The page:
Stillness in Motion - the tai chi video
Ben Wren teaches tai chi in this instructional video introducing the long-soft form.
The video opens with an eight-minute visual introduction to the entire form then Ben moves into a studio to teach us the movement and meaning of each step.
Benjamin Wren or, 'Zen Ben Wren' to thousands of Loyola University students who knew him as a teacher of Zen practice and Asian history as a Jesuit priest, then as a layman, died of lung cancer at age 75.
Ben spent 35 years on the Loyola faculty. For almost all his career he was a Jesuit priest. He left the order in 1996 after 48 years as a Jesuit, married Pat Wren and remained at Loyola. He taught Zen in a spare, fifth-floor zendo, or meditation hall, in Marquette Hall where the center of focus was a metal figure of the crucified Christ hanging on a barbed wire.
Ben was fascinated his entire life by Eastern philosophy, which he believed could be successfully integrated into Catholic spirituality, despite some reservations from the Vatican. He used Zen as a form of nondirected meditation, believing it opened the practitioner to the experience of God.
'God is not found by adding, but by subtracting,' he said in a 1990 Times-Picayune interview. In the stillness of Zen, 'we find the present moment is pregnant with God. Most of us are guilty of abortion.'
He explored much of that territory in a 1999 book, 'Zen Among the Magnolias.'
Loyola spokeswoman Kristine Lelong said Ben's Zen classes were among the most popular on campus, and returning alumni would frequently ask about him.
Yet his Zen classes were not open to all. He screened applicants. 'Some people's consciousness is best left undisturbed,' he told an interviewer in 1999.
Not surprisingly, Ben's background was multicultural. His mother was born in Hong Kong; his father was an American Marine. Ben was raised in Georgia.
'I said my grandmother on my mother's side is buried in Singapore. And my grandmother on my father's side is buried in Georgia. So East meets West, and here I is,' he once said.
Ben entered the Jesuit order at 17. He earned advanced degrees in Eastern studies from the University of Arizona, taught high school in Texas and arrived at Loyola in 1970. Except for a one-year stint teaching in Tokyo, he remained continuously on the Loyola faculty.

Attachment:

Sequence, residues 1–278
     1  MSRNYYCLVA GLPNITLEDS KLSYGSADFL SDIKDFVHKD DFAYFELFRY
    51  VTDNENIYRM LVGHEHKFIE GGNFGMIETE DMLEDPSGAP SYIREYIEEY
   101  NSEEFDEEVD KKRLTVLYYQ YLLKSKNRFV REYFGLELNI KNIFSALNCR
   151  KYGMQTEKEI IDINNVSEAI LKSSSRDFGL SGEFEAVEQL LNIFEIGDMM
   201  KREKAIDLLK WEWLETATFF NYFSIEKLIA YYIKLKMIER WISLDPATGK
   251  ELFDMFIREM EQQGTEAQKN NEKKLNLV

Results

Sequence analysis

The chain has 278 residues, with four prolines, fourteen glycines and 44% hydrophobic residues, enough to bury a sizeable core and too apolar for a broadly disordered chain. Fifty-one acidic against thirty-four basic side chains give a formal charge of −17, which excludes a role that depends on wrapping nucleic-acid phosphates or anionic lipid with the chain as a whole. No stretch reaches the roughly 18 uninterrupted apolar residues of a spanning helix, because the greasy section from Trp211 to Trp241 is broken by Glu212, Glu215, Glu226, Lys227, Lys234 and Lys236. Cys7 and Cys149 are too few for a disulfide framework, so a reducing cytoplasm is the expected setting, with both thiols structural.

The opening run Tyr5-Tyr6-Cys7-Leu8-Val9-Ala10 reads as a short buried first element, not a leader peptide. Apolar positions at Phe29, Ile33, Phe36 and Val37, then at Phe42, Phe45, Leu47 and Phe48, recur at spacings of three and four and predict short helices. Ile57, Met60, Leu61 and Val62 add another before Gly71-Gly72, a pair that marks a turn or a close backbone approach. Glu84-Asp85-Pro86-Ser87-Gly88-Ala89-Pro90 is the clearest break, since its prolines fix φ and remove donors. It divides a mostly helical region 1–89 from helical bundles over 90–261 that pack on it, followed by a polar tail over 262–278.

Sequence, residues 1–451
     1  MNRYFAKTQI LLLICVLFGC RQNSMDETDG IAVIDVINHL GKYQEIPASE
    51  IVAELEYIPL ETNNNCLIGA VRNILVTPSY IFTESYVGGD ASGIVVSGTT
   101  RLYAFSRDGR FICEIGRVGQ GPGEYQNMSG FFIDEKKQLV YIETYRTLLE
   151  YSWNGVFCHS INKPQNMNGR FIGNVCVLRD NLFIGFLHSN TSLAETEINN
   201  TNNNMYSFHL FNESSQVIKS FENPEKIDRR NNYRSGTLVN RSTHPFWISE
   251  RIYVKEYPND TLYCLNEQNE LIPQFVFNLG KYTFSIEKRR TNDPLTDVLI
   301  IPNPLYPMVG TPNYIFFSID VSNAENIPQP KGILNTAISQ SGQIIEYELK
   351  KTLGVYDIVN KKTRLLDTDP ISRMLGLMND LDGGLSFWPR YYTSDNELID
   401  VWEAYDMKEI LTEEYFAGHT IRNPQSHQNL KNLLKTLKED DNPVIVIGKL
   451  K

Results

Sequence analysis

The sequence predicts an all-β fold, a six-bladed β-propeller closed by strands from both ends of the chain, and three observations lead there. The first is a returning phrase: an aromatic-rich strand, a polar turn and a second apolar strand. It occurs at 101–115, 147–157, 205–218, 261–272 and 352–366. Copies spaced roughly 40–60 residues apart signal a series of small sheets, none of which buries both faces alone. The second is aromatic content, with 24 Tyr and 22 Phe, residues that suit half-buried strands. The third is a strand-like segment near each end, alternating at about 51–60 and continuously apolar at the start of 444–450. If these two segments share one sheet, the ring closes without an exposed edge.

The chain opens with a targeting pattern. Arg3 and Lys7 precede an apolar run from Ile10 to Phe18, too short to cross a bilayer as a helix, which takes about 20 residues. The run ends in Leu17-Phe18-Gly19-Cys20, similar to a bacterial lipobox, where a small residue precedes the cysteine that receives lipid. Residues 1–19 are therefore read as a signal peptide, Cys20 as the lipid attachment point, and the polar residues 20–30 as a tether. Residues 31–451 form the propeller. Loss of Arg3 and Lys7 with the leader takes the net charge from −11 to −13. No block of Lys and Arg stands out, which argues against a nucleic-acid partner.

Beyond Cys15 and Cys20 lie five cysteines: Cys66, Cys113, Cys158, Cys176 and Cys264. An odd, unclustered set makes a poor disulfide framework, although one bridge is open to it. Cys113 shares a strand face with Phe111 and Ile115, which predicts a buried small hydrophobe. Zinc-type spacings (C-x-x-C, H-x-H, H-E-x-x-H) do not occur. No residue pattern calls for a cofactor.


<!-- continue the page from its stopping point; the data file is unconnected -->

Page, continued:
Thirty-five years after his ordination, Ben left the Jesuits and at 65 married Pat. Although his ministry was no longer recognized by the Catholic Church, he considered himself a priest even in his new life, his wife said. He affiliated with CORPUS, an organization of men who had left the priesthood to marry, his wife said.
A memorial service for Ben was held Aug. 19, 2006 at All Saints Episcopal Church, 100 Rex Drive in River Ridge.
The Long-Soft Form - Tai Chi Stance | Reaching for the Earth | Embracing the Universe | Petting the reins of the horse | Blowing out Chi | Ward off blow | Chop the Monkey | Playing the Harp | Brushing off sparrows | Repel the Monkey | Approach the Monkey | Divine supplication | Retreat from the Monkey | Ward off blow | Pack the Monkey | Wash the Monkey | Shove the Monkey | Pull the bow | Tai Chi Stance | Clouds and rain | Hurricane | Lightning bolt | Chop the Monkey | Searching for the Jade | Tai Chi Stance/Torque | Exploding Monkey | Twin peaks | Piercing Jade Earrings | Tai Chi Stance/Torque | Golden rooster | Tree extension | Snake | Searching for the Jade | Searching for the needle in the haystack | Blind kick offense | Tai Chi Stance/Torque | Sweeping up the Earth | Swallowing the Earth | Temple Post Mediation
Stillness in Motion - the tai chi video | featuring the Rev. Ben Wren, S.J. | with Claudia Calebra, Dianne Ducote, Connie Gay, Maxine Hornung, Mimi Landry, Vivian Michals, Maria Suarez, Pat Voelkel, Dennis Wilson
photography by Brad Grundmeyer, Michael Park and Curt Wainwright | still photography by Tina Louie | field production by Carlos Colon and Kevin Goodman | edited by Shelby Cave | music composed and performed by Philip de Gruy | produced by Kevin Goodman and the Rev. Ben Wren, S.J. | directed by Kevin Goodman
Thanks to Mary Blue and Tim Watson
for Maxine, she dances amongst us